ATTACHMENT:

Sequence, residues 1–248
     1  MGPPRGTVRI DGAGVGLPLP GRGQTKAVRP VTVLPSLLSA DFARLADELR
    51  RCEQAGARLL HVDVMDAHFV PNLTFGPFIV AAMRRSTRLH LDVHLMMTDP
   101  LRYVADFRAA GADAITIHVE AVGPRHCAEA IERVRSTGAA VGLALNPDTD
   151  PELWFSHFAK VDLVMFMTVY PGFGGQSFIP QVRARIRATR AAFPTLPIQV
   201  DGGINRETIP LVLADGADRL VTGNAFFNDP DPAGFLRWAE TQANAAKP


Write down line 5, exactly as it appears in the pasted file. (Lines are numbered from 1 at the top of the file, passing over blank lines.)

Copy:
   151  PELWFSHFAK VDLVMFMTVY PGFGGQSFIP QVRARIRATR AAFPTLPIQV